CHICAGO – If you can remember the 1990s outside of childhood, you are in the glow of middle age, so congratulations. The Brown Paper Box Co. theater ensemble takes us back to those thrilling days of yesteryear with “Spike Heels,” a relationship comedy centering on the co-mingling antics of two couples, with a slight nod toward George Bernard Shaw and the play “Pygmalion” (or its musical counterpart, “My Fair Lady”).
‘Maleficent’ is All Dressed Up With No Story to Tell
CHICAGO – If “Maleficent” were an actual fairy tale storybook, I’d say it has beautiful illustrations but not much story to tell. As the title character, Angelina Jolie is a towering presence with an unforgettable look, but the film itself is all dressed up with nowhere to go. “Maleficent” the movie’s story moves so slowly it makes a sloth look like a cheetah.
This live action re-imagining of “Sleeping Beauty” stars Jolie as Maleficent – a fairy with giant wings. She falls for a human boy named Stefan (Sharlto Copley) from a neighboring kingdom when they are both still children, but his lust for power leads him to betray her. Then she becomes consumed with hatred and revenge. As an adult Copley eventually becomes king and has a daughter. So Jolie makes her big entrance and casts a spell upon the princess. On her 16th birthday she will prick her finger and fall into a deep sleep, and only true love’s kiss can break the spell.
Angelina Jolie is the Title Character in ‘Maleficent’
Photo credit: Walt Disney Pictures
The King sends his daughter into hiding in the woods in the care of three bumbling old fairies (Leslie Manville, Imelda Staunton, and Juno Temple). The fairies are largely inept at child-rearing, which made me wonder how she learned anything at all spending her whole life cooped up in the forest. But then again you’re not supposed to think of those things in fairy tales, at least ones that capture your interest anyway. Jolie keeps a watchful eye on the cursed youngster. She protests not to like children, but she keeps the child out of trouble when the bumbling fairies aren’t paying attention.
There are magical beasts everywhere and the film always looks like a rich and lush fairy tale come to life. But for all the CGI creatures that abound in this storybook land come to life, the most visually arresting image is Angelina Jolie’s cheekbones. The film spends what seems like a third of its running time just staring at those prosthetic cheekbones, while giving Jolie and everyone else precious little to actually do. Those expecting Jolie to chew the considerable scenery surrounding her are going to be sorely disappointed. She’s not exactly one of Disney’s all time villains either. Jolie softens the character considerably and turns her from evil enchantress into something akin to a fairy godmother although one with major dysfunctional family issues.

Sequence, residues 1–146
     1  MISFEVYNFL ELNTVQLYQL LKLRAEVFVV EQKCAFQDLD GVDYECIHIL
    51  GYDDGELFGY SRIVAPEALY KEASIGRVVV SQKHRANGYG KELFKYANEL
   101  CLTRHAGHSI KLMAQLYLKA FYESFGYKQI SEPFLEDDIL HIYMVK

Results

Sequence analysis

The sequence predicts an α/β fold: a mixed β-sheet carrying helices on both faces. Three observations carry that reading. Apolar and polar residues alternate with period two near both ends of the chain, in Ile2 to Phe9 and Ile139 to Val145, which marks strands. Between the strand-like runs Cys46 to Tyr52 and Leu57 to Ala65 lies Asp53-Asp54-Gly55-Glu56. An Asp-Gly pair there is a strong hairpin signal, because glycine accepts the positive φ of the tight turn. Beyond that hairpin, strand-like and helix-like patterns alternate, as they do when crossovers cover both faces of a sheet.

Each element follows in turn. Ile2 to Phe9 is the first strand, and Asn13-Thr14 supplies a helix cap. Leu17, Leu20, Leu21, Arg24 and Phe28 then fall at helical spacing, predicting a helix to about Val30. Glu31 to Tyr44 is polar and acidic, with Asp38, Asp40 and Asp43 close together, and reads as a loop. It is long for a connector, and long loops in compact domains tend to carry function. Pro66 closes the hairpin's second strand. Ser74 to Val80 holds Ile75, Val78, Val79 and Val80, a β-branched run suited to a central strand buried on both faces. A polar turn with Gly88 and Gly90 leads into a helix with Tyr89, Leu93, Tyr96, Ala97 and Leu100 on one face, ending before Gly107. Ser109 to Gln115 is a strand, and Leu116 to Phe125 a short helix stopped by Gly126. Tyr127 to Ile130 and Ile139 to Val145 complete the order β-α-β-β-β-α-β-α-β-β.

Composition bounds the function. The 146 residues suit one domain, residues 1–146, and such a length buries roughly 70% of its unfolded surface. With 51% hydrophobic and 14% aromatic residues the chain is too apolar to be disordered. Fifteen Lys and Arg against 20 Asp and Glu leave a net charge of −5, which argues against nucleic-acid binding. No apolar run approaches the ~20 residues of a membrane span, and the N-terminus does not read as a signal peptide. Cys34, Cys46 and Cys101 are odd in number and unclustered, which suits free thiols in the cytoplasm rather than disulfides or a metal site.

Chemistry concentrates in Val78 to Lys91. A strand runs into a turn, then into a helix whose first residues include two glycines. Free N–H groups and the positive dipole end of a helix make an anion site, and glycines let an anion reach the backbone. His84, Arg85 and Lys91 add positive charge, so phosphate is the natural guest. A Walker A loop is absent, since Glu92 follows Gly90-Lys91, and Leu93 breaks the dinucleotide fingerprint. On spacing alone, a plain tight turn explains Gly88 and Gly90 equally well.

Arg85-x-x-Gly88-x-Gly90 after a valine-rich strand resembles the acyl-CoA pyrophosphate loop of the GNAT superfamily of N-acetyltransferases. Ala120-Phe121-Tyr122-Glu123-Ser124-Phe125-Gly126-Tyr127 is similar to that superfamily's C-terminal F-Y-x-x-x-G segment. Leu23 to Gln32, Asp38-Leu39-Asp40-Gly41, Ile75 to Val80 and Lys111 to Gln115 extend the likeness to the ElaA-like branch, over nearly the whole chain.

Jolie’s look is nearly flawless. She never ceases to look stunning, and her costumes are elaborate and very well done. But aside from one brief sequence of sneers, and evil laughter she keeps it relatively reserved preferring to shoot glances at the camera in her elaborately framed closeups. Elle Fanning makes a winning presence as Sleeping Beauty herself. She’s beautiful, sweet, and brings the princess to life even though she’s stuck like everyone else running through sets and then staring at things. She and Jolie have a nice yin and yang chemistry in their scenes together, with young warmth threatening to thaw the icy cold heart of a broken fairy. Meanwhile, Copley is an odd choice for the king who broke Maleficent’s heart. He grumbles and mutters beneath an increasingly raggedy beard as he plans his final showdown with Jolie but seems out of his league in their scenes together.
Elle Fanning is Aurora in ‘Maleficent’
Photo credit: Walt Disney Pictures
First-time director Robert Stromberg gets a little too enchanted with his own scenery. He lets flights through the fairy lands stretch on a little too long, and he seemingly can’t stop staring at Jolie. The film suffers from a common ailment in young adult adaptations that I like to call the “Twilight” curse. We get stares and glares instead of swords and sorcery as characters engage in epic staring contests while allowing the ones and zeros of the computer programs at the special effects house take care of all the heavy lifting.
This becomes a huge problem in the film’s third act where Stromberg’s action scenes are workmanlike at best. The sequences never really build up a head of steam and develop much momentum, instead they just kind of ramble around. When a fire-breathing dragon attacking a castle is less than remarkable – you’ve got problems not even Angelina’s cheekbones can fix.